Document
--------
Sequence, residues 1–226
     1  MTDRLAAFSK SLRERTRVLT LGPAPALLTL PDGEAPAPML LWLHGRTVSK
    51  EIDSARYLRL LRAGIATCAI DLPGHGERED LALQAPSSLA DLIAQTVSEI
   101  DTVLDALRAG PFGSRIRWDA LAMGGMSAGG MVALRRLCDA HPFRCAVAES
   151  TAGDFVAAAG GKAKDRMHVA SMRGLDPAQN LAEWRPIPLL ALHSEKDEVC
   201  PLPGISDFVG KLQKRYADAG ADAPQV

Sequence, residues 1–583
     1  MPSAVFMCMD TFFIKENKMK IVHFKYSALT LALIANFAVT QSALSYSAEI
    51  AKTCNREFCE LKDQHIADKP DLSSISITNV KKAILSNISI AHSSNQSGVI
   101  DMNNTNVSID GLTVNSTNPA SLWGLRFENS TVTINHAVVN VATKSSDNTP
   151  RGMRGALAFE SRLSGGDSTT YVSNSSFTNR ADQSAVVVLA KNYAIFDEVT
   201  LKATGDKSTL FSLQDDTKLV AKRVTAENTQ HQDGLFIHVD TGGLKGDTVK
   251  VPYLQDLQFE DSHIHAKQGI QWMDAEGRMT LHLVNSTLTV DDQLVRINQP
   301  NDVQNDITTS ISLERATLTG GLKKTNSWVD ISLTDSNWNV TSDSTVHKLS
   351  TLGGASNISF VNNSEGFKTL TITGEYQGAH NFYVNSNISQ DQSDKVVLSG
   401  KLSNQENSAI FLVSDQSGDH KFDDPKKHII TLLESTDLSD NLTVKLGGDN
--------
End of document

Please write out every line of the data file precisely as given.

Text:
Sequence, residues 1–226
     1  MTDRLAAFSK SLRERTRVLT LGPAPALLTL PDGEAPAPML LWLHGRTVSK
    51  EIDSARYLRL LRAGIATCAI DLPGHGERED LALQAPSSLA DLIAQTVSEI
   101  DTVLDALRAG PFGSRIRWDA LAMGGMSAGG MVALRRLCDA HPFRCAVAES
   151  TAGDFVAAAG GKAKDRMHVA SMRGLDPAQN LAEWRPIPLL ALHSEKDEVC
   201  PLPGISDFVG KLQKRYADAG ADAPQV

Sequence, residues 1–583
     1  MPSAVFMCMD TFFIKENKMK IVHFKYSALT LALIANFAVT QSALSYSAEI
    51  AKTCNREFCE LKDQHIADKP DLSSISITNV KKAILSNISI AHSSNQSGVI
   101  DMNNTNVSID GLTVNSTNPA SLWGLRFENS TVTINHAVVN VATKSSDNTP
   151  RGMRGALAFE SRLSGGDSTT YVSNSSFTNR ADQSAVVVLA KNYAIFDEVT
   201  LKATGDKSTL FSLQDDTKLV AKRVTAENTQ HQDGLFIHVD TGGLKGDTVK
   251  VPYLQDLQFE DSHIHAKQGI QWMDAEGRMT LHLVNSTLTV DDQLVRINQP
   301  NDVQNDITTS ISLERATLTG GLKKTNSWVD ISLTDSNWNV TSDSTVHKLS
   351  TLGGASNISF VNNSEGFKTL TITGEYQGAH NFYVNSNISQ DQSDKVVLSG
   401  KLSNQENSAI FLVSDQSGDH KFDDPKKHII TLLESTDLSD NLTVKLGGDN